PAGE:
Sandro Zerafa tells Ramona Depares how the concept behind the festival has evolved and grown through the years.
Walk into Valletta any day this week, and you will immediately notice that something’s up, as the sound and the spirit of this year’s edition of the Malta Jazz Festival permeates the air. It’s the MJF’s – as fans refer to it – 30th birthday. And, despite that fact that the COVID-19 situation means that it’s an abridged version to the usual, the entire capital is definitely en fete.
It is impossible not to know that it is Malta Jazz Festival week, and it is a feather in artistic director Sandro Zerafa’s cap that the identity of the island’s longest-standing festival has become so deeply entranched in our collective psyche. This, Zerafa says, was always part of the long-term vision that he nurtured for the festival.
“It was in 2011 that I first started organising the Jazz on the Fringe concerts, a series of satellite events in Valletta and in other venues on the island. The vibe of these events was very different from the main stage acts that we host in Ta’ Liesse, and they took the shape of small, informal concerts in bars and clubs, featuring local and international talent,” Zerafa explains.
The initiative, he adds, was born precisely because he wanted the identity of the festival to evolve beyond Ta’ Liesse. And by doing that, he hoped that it would catch a new and different audience too, one that wouldn’t necessarily be present in Ta’ Liesse.
“I was always bothered by the fact that, up till some years ago, when you entered Valletta during the festival week, you wouldn’t realize that there is a festival going on. I wanted people to feel its presence; I wanted the festival to permeate the city and the island. I also wanted to do something that would better involve the local jazz community. I wasn’t happy with the idea of the festival being confined to three nights of headliner concerts by the Grand Harbour,” Zerafa insists.
This expansion was not without its challenges, of course. Organising a festival with several satellite events around Malta involves a number of logistical issues, and the potential pitfalls could present a nightmare for any but the most determined. But Zerafa is nothing if not determined and, today, the Malta Jazz Festival fringe events also take place in locations such as Mdina and Cottonera.
Fast-forward some years, and the idea to permeate the island with jazz festival vibes certainly appears to have worked. The festival now reaches a wider audience and occupies an important role within the local jazz community. Attendees are no longer necessarily limited to die-hard jazz fans; instead, the festival is known for attracting those who appreciate live music, whatever the genre.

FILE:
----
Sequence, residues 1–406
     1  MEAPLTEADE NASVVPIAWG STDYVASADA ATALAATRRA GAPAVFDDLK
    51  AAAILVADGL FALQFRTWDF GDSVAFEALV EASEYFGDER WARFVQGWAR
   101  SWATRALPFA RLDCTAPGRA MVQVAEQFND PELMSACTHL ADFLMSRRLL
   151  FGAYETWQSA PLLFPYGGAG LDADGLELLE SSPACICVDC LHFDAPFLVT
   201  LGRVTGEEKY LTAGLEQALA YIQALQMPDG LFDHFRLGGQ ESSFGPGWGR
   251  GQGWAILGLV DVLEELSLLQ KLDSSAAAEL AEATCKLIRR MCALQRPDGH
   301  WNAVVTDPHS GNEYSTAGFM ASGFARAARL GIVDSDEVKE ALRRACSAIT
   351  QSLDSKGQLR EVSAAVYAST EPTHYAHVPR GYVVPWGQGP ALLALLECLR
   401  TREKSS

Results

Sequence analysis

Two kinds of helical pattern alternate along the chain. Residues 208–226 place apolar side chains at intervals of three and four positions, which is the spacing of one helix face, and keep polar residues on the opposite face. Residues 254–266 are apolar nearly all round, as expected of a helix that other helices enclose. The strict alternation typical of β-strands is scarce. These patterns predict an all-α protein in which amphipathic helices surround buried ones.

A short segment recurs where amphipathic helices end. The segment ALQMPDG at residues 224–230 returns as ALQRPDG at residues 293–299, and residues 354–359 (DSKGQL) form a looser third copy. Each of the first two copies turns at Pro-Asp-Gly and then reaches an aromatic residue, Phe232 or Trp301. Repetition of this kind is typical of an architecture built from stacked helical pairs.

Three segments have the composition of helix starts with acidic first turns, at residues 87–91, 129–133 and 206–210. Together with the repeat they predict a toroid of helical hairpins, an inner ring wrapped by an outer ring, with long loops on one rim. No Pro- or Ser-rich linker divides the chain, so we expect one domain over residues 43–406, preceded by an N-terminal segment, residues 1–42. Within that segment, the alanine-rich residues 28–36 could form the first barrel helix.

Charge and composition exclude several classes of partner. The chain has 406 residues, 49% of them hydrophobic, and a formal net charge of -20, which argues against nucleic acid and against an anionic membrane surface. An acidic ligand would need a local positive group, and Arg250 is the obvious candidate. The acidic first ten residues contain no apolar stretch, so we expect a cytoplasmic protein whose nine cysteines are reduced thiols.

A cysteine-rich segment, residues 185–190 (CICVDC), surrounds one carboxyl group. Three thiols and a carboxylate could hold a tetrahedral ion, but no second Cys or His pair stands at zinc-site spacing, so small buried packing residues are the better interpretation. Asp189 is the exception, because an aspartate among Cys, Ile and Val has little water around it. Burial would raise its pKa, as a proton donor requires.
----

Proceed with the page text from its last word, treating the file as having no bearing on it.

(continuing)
Of course, picking fringe locations that are in keeping with the standard set by Ta’ Liesse is no joke. What does Zerafa look for in these alternative venues, and which are the criteria he takes into account when finalising them?
“It all depends on the style of music,” he says. “Recently, for example, I have been looking for venues which are more adapted to a certain kind of intimate, chamber jazz – the kind of music which is usually more suited to indoor venues such as small theatres and clubs. With this genre of music, using an outdoor venue, with the high level of noise pollution that a typical Maltese summer brings with it, becomes problematic. So these are the sort of issues I tend to keep in mind. The decision to use Palazzo Vilhena and Notre Dame Gate were affected by these considerations, obviously.”
This year’s reduced version of the festival actually increased the need to identify alternative locations, especially this year the concerts have moved away from the iconic Ta’ Liesse. The main concerts, instead, will be held in City Gate in front of the Parliament Steps.
“This venue is central and is quite intimate, ideal for the kind of acoustic jazz we will be presenting,” Zerafa says.
The mid-day concerts will be held in Freedom Square, in front of the Parliament, to keep things central. The programme also includes a number of masterclasses at The Green Room in Pjazza Teatru Rjal and at the Phoenicia Hotel. But how badly is Zerafa missing Ta’ Liesse, which nowadays is synonymous with the festival?
“Ta’ Liesse is a unique venue, even though it has its logistical shortcomings. Due to the current situation this year’s live concerts were confirmed just a few weeks ago. Many acts were cancelled, and this is why we decided to do a mini, reduced version of the festival. Ta’ Liesse was certainly too complicated to handle in such short notice. It is a pity that Ta’ Liesse won’t feature for the 30th anniversary, of course. But it’s fine – the festival will be back to its former grandeur in 2021,” Zerafa promises.
The Malta Jazz Festival is organised by Festivals Malta and runs until the 18th July. A full programme of events is available here or on the official Facebook page.